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Pat Carney and Dan Auerbach are better known by most music lovers as the Black Keys. But musician Steve Miller, a newly minted member of the Rock and Roll Hall of Fame, wasn’t familiar with the Black Keys, and he was not shy with his negative opinions of the Rock Hall Foundation.
Patrick Carney, drummer for Akron-bred arena rockers the Black Keys, will throw out the ceremonial first pitch when the Indians host the Boston Red Sox on Opening Day, about 4:10 p.m. April 4 at Progressive Field.
The specially designed and limited edition West Akron Baseball League T-shirts sponsored by the Black Keys have raised around $28,000 for the youth league that once counted band members Pat Carney and Dan Auerbach among its players.
It’s the Instagram photo seen around the world, suddenly thrusting one Akron boys baseball team into the global spotlight and making their jerseys a hot commodity, and not because they went undefeated in their league.
Even before the three-hour plus 55th Annual Grammy telecast began, the Black Keys were already 2013 Grammy winners and by the end, the group’s singer/guitarist Dan Auerbach led all nominees with four total wins.
The Black Keys, the duo of native Akronites drummer Pat Carney and singer/guitarist Dan Auerbach received a nomination for record of the year for their hit song Lonely Boy during the Grammy’s Nominations Concert Live broadcast Wednesday night from Nashville, Tenn.
NASHVILLE, Tenn.: Have you ever wanted to sit down and have a long conversation about music with The Black Keys? Well, that’s probably not going to happen. But SiriusXM is offering a glimpse into the duo’s world as Patrick Carney debuts a new radio show.
Malcolm John “Mac” Rebennack Jr., better known as rock hall inductee Dr. John, has been a constant in the pop world for much of his 50-plus-year career. His biggest hit, the funky Top 20 hit Right Place, Wrong Time, was released in 1973 but he’s been consistently cranking out an album every few years since 1968.
In 2002, the Black Keys played their first show at the Beachland Ballroom in Cleveland. A decade and a few days later, the band returned to Cleveland on Tuesday night as gold-selling, Grammy-winning rockers commanding the stage of Quicken Loans Arena and giving more than 10,000 fans a healthy 90-minute heaping of songs from its seven-album catalog.
It was nine years ago this month that a scrappy pair of Akron musicians loaded up the beat-down vintage mid-’90s minivan dubbed “The Grey Ghost” and drove through three states to make its debut at South By Southwest, the hip music festival based in Austin, Texas.
Back in early spring of 2003, Pat Carney and Dan Auerbach — now known by much of the pop music listening world as the Black Keys — were promoting their second album Thickfreakness and their touring gear consisted of a couple of guitars, a few amps and a relatively sparse drum kit with the (now) old-school Black Keys logo emblazoned on the bass drum head. Likewise, their road crew and touring entourage consisted entirely of Pat Carney and Dan Auerbach.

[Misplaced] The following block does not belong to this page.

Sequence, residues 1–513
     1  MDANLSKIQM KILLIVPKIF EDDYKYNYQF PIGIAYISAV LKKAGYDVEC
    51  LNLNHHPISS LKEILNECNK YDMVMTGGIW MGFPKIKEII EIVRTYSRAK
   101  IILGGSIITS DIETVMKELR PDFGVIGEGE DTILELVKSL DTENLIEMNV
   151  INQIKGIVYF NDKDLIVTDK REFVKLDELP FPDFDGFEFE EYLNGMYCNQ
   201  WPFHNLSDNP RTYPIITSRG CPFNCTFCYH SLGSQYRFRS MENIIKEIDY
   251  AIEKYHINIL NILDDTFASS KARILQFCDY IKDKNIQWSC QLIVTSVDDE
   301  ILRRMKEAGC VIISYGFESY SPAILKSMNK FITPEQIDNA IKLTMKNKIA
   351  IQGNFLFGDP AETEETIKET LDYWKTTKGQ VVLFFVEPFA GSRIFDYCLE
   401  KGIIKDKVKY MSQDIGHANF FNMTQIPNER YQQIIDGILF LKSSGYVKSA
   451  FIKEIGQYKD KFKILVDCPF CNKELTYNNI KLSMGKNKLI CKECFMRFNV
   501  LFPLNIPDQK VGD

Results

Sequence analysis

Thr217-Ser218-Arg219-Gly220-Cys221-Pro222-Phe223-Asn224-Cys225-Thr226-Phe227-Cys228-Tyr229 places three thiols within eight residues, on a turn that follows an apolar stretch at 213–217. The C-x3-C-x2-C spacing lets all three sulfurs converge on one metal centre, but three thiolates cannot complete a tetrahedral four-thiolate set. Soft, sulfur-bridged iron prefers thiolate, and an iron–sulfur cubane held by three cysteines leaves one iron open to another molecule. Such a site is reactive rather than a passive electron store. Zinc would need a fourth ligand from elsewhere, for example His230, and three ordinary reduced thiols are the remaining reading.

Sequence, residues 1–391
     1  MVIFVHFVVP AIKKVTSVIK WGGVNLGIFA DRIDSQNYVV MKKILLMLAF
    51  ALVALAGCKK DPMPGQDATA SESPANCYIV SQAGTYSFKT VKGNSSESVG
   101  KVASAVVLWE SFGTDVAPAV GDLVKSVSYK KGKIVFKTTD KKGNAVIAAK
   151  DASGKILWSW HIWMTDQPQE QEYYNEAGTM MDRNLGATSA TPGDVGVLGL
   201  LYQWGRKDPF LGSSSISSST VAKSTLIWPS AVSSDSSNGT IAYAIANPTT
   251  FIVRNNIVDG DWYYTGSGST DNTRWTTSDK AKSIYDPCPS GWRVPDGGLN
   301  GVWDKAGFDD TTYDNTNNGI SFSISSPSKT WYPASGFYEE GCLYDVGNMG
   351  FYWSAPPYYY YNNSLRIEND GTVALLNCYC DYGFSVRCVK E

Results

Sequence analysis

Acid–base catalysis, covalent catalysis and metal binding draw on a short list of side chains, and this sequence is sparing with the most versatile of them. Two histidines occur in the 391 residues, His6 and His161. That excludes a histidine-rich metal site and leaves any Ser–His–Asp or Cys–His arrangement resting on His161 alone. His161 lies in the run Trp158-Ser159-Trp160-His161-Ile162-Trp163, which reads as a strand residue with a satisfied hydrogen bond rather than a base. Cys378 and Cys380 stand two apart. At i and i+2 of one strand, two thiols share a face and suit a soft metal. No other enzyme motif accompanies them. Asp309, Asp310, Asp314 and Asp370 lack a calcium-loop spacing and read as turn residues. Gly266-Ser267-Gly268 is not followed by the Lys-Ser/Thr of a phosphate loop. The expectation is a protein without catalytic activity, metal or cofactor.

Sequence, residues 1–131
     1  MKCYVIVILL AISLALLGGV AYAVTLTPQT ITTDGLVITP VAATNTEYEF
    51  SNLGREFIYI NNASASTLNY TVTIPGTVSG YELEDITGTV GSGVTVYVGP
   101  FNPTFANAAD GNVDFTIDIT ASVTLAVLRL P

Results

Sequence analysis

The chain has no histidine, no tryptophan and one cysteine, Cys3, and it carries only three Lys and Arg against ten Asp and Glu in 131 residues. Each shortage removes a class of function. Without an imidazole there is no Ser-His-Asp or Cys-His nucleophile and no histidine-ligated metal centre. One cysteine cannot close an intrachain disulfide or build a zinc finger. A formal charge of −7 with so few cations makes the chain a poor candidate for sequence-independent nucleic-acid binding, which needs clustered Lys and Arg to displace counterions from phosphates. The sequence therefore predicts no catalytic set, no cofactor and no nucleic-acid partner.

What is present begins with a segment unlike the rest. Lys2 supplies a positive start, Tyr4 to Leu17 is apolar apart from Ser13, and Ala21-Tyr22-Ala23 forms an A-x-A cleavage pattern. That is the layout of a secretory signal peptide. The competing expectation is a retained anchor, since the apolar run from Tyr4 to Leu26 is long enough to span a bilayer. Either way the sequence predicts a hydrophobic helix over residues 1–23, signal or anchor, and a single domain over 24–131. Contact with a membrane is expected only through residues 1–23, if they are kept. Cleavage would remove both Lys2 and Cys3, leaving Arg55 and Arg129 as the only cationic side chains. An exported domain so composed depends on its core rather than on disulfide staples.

On a quiet and dreary Sunday morning, Firestone High School honored a pair of Grammy-winning rock stars. Drummer Pat Carney and singer/guitarist Dan Auerbach, Firestone graduates better known to rock fans as the Black Keys, took a detour from their first headlining arena tour.
The Black Keys have come quite a ways in the decade since their debut, The Big Come Up. Plenty of local music lovers recall seeing Dan Auerbach and Patrick Carney honing their big backbeat-driven, fuzzed-up blues-rock stomp in the old Lime Spider or the tiny tavern at the Beachland.
If you were surfing through Sunday’s Premier section of the Beacon Journal, you may have come across an odd, seemingly out-of-place listing for a 1994 El Camino, which actually showed a beatdown ’90s Dodge Caravan in the photo.
Rockers and rappers mixing in the studio stopped being considered experimental or innovative years ago. The metaphorical walls that once defined musical genres (and often the culture/fan base surrounding them) are now full of holes, as artists such as Jay-Z and Linkin Park and GZA and the Black Lips connect for ''collabos.''
There was no way to resist Alfred McMoore. The man who started out as the subject of an article for Beacon Magazine nearly a decade ago became much more than an eclectic artist who attended countless strangers' funerals.
Drummer is an Akron-bred supergroup whose members have all been drummers in other area bands (get it?), including Party of Helicopters, Ghostman & Sandman, the Black Keys, Houseguest, Teeth of the Hydra and Beaten Awake.
Enter Drummer, a rookie band of local indie rock veterans who have gathered together as friends and musicians to make a joyful noise. It takes its name from the fact that all of its members — bassist Pat Carney, guitarist Jamie Stillman, singer/guitarist Jon Finley, drummer Greg Boyd and keyboardist/vocalist Steve Clements — have played drums in other bands.
Across their four-album catalog, Akron blues-rock duo the Black Keys have built up a healthy and loyal international following purveying a basic rock 'n' roll formula: singer/guitarist Dan Auerbach's big fuzzy blues riff and world-weary vocals, grounded by Pat Carney's big stomping backbeat.
Shortly before their December concert at the Akron Civic Theatre, the Black Keys declared 2008 to be the year of no B.S. the year the two West Akron-bred members would take control of their careers and their lives.